Thank you for focusing on Bryman and the difficulties of integrating typologies of research.
To add to your quotations from him, I’d like to add this one: “they reflect a tendency for the rationales for using multi-strategy research not to be thought through sufficiently” (Bryman, 2006, p.110). Not only may multi-strategy use be “deleterious”, it may result in situations that go far beyond the reach of the initial research question and methodology.
When a research question is being formulated, so too must be appropriate methodologies for investigating the question. The internal validity of the research must be in question if the data generated by the methodological instruments falls significantly outside the original bounds. I wonder if some writers are tempted to redesign a study after the data collection …
When Bryman mentions this point, “multi-strategy research provides such a wealth of data that researchers discover uses of the ensuing findings that they had not anticipated”. (p. 110), he does not address either of the two serious issues implicit: 1) the validity problem in the research, and 2) the ethical problem.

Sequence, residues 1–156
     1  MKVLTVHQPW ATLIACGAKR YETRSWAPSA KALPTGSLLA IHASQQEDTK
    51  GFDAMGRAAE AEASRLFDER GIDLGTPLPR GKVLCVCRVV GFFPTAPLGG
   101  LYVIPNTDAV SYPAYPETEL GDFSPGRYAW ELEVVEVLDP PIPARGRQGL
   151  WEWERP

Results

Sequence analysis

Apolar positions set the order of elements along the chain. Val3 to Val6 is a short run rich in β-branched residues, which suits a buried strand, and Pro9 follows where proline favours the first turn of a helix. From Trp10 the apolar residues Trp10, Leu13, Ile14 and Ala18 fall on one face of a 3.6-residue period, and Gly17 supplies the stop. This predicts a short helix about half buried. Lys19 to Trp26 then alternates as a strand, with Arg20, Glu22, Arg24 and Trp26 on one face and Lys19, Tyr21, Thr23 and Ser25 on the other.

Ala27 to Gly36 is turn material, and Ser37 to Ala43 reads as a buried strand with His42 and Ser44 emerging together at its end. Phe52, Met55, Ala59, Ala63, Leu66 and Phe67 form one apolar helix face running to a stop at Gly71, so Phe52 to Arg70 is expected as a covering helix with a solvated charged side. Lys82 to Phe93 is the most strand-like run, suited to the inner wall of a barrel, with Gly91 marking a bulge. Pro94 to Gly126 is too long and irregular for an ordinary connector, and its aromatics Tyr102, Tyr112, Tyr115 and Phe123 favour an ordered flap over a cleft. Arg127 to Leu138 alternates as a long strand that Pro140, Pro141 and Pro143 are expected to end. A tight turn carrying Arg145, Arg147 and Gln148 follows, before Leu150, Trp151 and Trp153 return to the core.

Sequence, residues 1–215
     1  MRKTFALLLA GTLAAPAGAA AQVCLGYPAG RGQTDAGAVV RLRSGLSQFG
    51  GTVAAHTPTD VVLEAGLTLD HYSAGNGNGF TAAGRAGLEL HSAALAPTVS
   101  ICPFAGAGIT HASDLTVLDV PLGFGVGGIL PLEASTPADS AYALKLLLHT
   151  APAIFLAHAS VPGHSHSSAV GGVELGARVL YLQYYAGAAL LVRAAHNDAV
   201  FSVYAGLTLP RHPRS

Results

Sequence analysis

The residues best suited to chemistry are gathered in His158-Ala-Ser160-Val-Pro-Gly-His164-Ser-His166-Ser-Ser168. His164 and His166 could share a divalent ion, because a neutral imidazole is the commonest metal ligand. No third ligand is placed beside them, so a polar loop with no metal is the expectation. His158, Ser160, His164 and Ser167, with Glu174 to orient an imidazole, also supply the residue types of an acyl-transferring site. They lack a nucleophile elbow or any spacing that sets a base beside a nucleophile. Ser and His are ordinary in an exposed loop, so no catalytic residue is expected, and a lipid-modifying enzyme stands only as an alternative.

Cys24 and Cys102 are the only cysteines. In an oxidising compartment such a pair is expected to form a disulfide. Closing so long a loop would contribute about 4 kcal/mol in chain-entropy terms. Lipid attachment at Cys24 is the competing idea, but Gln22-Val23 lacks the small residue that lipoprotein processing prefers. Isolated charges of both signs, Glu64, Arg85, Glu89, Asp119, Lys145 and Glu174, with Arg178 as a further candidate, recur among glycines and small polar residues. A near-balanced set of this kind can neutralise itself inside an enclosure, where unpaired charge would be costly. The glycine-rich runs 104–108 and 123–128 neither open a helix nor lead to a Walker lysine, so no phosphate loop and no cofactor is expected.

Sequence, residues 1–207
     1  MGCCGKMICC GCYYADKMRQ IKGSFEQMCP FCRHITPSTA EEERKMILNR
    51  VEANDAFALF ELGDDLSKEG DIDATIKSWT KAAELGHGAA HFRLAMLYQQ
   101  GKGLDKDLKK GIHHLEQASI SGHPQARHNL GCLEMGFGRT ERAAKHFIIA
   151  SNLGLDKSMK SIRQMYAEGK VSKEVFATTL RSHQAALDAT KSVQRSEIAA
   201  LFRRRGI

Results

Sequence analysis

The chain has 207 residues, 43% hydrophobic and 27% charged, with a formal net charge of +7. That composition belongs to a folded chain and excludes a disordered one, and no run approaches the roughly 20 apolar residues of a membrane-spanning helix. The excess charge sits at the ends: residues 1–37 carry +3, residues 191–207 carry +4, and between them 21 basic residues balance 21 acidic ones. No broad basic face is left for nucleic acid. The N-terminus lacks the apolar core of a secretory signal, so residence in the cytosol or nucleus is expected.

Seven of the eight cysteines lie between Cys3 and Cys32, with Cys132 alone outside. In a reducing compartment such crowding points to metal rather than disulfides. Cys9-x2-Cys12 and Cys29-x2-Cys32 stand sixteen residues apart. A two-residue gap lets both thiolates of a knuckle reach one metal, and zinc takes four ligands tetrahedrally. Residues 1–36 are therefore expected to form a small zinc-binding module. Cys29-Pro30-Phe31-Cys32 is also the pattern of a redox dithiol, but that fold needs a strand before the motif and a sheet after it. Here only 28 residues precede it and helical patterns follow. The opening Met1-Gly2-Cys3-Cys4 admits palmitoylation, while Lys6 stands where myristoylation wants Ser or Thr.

I’m too inexperienced to fully grasp what’s going on here, and the readings so far have not touched on this subject. But, I wonder, what is the status of a erstwhile principled study that somehow generates results far beyond the initial expectations? Do the data invalidate the grounds for the study? Can they even be used? To take a well-known example from quantitative methodologies, a p-value of 0.05 represents the degree of chance that the results could be reproduced by chance, in this case 1-in-20. Replicating any study 20 times would (statistically) have that chance result happening once. No one in statistics takes such widly reproduced chance data seriously. But I ask if there’s a parallel situation here with qualitative massive data?
What I would question is if the initial depth behind a research question was sufficient, principled, and fully understood if the data were highly unexpected. I mean, surely, no self-respecting researcher would have no idea of what kinds of data could be expected given their considerations of instrument, time, sampling, and so on?
Yin (2006) questions if mixed-method studies are really “single” studies or in fact multiple studies in the same paper. If the latter, my question remains the same.
Bryman, A. (2006). Integrating quanitatice and qualitative research: how is it done? Qualitative Research, 6(97), 97-113.
Yin, R. K. (2006). Mixed methods research: Are the methods genuinely integrated or merely parallel? Research in the Schools, 13(1), 41-47.